Endothelin, one of the most potent vasoconstrictors, has been shown to increase in circulation under various hepatic stresses.76- 79 Increased production of endothelin activates vascular smooth muscle cells and hepatic stellate cells in the liver,10,80 which causes stenosis on the presinusoidal portal vein and sinusoids, respectively. Several studies have shown that the release of endothelin is regulated by TXA2. Treatment of rat heart smooth muscle cells by a stable TXA2 mimetic induces up-regulation of endothelin 1 messenger RNA.81 Increased serum endothelin levels after allograft liver transplantation are significantly decreased by the treatment with TXA2 synthase inhibitors given at the time of liver harvesting.59 These results indicate that TXA2 induces the release of endothelin, which may cause more potent and long-lasting vasoconstrictive effects. However, in other reports that used cultured endothelial cells, TXA2 showed no effect on endothelin 1 secretion, whereas vasodilator prostaglandins such as prostaglandin E2 and PGI2 significantly inhibited endothelin 1 secretion.82 In view of these results, it can be postulated that these mechanisms may be tissue or cell-type specific. The release of TXA2 is also regulated by endothelin. Endothelin 1 evoked the release of endogenous TXA2 from the cultured rabbit airway smooth muscle cells.83 Sustained contraction of rat aorta induced by endothelin at least partly requires persistent activation of TXA2 receptors (TP receptors).84 In the liver, preadministration of indomethacin or a specific TXA2 synthetase inhibitor significantly inhibits the decreases in hepatic blood flow induced by endothelin.85 Despite sufficient evidence of the interaction between endothelin and TXA2, detailed mechanisms including the signaling pathway are still unknown, although protein kinase C may play some role in this interaction.86,87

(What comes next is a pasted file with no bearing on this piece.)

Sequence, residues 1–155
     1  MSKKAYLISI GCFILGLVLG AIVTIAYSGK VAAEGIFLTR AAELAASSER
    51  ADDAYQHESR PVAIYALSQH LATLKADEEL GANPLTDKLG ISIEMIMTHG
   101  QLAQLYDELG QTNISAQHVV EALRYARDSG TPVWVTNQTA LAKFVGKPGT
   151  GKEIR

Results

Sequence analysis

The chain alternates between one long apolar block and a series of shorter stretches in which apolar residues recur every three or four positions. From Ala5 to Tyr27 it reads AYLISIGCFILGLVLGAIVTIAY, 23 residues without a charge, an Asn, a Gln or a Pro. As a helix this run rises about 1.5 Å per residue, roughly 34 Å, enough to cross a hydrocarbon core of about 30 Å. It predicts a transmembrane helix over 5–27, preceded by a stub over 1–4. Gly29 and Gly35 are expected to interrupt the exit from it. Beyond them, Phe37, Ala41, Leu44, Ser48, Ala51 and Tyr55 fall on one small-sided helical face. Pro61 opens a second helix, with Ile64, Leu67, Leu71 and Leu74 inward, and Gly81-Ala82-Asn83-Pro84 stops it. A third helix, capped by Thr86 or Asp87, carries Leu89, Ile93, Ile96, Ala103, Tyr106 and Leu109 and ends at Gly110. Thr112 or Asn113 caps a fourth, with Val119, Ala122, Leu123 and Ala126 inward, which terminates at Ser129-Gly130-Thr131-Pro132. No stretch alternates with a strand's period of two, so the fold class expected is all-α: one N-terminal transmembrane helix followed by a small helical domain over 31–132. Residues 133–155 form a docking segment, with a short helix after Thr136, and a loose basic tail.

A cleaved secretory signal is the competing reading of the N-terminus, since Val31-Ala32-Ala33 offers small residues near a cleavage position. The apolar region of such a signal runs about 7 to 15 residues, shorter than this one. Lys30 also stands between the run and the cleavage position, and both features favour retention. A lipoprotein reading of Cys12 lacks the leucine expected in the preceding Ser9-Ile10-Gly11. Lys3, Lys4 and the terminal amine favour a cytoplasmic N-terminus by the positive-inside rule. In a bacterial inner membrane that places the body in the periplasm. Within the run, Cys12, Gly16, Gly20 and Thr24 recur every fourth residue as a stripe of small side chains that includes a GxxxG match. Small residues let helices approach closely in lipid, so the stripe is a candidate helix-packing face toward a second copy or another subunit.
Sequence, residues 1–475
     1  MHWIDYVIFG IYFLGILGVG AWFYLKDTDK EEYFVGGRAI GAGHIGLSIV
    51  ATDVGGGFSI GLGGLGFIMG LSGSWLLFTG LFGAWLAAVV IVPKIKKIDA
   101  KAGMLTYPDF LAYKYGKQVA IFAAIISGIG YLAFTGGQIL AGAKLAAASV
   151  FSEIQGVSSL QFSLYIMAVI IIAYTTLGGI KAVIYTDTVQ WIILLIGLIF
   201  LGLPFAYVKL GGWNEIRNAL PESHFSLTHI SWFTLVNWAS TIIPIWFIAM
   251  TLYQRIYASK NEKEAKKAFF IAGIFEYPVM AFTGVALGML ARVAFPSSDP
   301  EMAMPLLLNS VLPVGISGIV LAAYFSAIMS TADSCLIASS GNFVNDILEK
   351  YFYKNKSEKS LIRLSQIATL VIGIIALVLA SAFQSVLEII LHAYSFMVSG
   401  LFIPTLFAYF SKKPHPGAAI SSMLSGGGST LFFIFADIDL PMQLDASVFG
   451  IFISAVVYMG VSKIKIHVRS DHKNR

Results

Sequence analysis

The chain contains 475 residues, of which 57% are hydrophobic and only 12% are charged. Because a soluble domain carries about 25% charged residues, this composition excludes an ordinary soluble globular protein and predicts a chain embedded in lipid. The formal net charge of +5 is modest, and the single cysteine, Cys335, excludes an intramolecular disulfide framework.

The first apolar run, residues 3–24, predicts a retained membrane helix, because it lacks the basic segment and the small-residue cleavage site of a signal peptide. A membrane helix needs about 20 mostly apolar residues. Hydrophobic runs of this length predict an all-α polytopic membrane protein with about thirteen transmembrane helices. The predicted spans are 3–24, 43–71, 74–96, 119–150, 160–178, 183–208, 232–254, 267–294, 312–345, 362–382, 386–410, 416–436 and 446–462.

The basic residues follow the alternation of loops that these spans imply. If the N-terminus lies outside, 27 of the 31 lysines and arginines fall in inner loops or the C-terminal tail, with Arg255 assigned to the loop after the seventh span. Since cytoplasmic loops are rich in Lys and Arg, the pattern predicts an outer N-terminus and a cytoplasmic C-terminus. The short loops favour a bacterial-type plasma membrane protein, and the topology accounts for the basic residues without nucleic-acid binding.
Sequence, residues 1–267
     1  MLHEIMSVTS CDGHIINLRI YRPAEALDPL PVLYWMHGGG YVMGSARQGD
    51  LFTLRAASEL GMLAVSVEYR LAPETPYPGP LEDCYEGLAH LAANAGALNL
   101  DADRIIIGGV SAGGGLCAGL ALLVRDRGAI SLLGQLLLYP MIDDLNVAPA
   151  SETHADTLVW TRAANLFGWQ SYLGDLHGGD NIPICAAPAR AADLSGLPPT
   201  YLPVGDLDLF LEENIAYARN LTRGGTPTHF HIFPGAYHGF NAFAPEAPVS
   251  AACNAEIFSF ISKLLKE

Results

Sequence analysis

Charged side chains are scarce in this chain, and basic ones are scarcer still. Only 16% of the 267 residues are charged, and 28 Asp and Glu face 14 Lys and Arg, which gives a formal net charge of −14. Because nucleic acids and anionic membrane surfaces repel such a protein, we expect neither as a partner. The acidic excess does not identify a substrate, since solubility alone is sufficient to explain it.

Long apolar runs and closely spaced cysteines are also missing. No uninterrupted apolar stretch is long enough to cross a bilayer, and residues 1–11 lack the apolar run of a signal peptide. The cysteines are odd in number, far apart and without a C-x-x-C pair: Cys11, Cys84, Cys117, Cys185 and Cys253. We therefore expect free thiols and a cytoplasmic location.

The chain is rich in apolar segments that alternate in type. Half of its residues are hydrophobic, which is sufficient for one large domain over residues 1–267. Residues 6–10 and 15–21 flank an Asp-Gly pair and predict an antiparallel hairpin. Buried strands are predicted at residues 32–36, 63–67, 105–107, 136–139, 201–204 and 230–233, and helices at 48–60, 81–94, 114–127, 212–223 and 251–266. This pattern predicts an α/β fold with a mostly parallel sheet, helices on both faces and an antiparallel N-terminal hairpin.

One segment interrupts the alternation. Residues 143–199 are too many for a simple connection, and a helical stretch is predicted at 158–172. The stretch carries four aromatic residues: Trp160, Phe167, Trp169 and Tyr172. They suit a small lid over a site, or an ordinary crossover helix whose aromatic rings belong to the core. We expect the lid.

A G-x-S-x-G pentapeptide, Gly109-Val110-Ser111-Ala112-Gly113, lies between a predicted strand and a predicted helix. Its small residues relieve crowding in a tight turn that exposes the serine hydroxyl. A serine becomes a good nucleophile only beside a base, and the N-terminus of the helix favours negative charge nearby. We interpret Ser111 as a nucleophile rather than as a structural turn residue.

As with endothelin, angiotensin II is an effective vasoconstrictor for the hepatic vasculature88 and may be at least partly responsible for stress-induced hepatic injury.89- 92 Angiotensin II receptors of the AT1 subtype are present on the hepatic stellate cell, and the activation of the receptors induces stellate cell contraction.12 It also induces a proliferation and activation of hepatic stellate cells and promotes the process of liver fibrosis.93 Furthermore, chronic elevation of circulating angiotensin II levels damages the liver by activating proinflammatory events.94 In this regard, blockade of angiotensin II receptor leads to an attenuation of hepatic fibrosis90 and a reduction in inflammatory response–mediated hepatic injury under stressful conditions.91 Vasoconstriction induced by TXA2 is significantly inhibited by an angiotensin receptor antagonist in the isolated human internal mammary artery, suggesting cross-interaction between the TP receptor and angiotensin II receptor.95 A TXA2 synthase inhibitor causes a decrease in the vasoconstrictor effect of angiotensin II in the isolated rabbit kidney96 and abolishes edema produced by angiotensin II in the isolated rat lung.97 Although an interaction between TXA2 and angiotensin II in the liver has not yet been fully elucidated, it could be speculated that these vasoconstrictors synergistically act on hepatic circulation under stressful conditions.